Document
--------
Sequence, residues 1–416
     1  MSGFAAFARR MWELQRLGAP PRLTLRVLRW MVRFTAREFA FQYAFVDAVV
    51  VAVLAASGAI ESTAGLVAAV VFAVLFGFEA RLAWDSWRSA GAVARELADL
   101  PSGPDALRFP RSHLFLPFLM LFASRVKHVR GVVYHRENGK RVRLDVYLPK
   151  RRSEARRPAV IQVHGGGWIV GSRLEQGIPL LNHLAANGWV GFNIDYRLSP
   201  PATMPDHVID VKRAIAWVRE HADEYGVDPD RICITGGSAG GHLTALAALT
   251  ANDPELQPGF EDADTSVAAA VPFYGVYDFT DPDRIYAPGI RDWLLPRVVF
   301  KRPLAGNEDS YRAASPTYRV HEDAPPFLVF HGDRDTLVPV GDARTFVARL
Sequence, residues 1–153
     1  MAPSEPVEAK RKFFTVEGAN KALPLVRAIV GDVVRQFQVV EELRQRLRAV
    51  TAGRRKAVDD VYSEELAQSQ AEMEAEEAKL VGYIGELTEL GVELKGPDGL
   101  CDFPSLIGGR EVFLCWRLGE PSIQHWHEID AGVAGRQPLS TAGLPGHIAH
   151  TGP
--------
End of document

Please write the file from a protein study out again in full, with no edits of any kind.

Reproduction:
Sequence, residues 1–416
     1  MSGFAAFARR MWELQRLGAP PRLTLRVLRW MVRFTAREFA FQYAFVDAVV
    51  VAVLAASGAI ESTAGLVAAV VFAVLFGFEA RLAWDSWRSA GAVARELADL
   101  PSGPDALRFP RSHLFLPFLM LFASRVKHVR GVVYHRENGK RVRLDVYLPK
   151  RRSEARRPAV IQVHGGGWIV GSRLEQGIPL LNHLAANGWV GFNIDYRLSP
   201  PATMPDHVID VKRAIAWVRE HADEYGVDPD RICITGGSAG GHLTALAALT
   251  ANDPELQPGF EDADTSVAAA VPFYGVYDFT DPDRIYAPGI RDWLLPRVVF
   301  KRPLAGNEDS YRAASPTYRV HEDAPPFLVF HGDRDTLVPV GDARTFVARL
Sequence, residues 1–153
     1  MAPSEPVEAK RKFFTVEGAN KALPLVRAIV GDVVRQFQVV EELRQRLRAV
    51  TAGRRKAVDD VYSEELAQSQ AEMEAEEAKL VGYIGELTEL GVELKGPDGL
   101  CDFPSLIGGR EVFLCWRLGE PSIQHWHEID AGVAGRQPLS TAGLPGHIAH
   151  TGP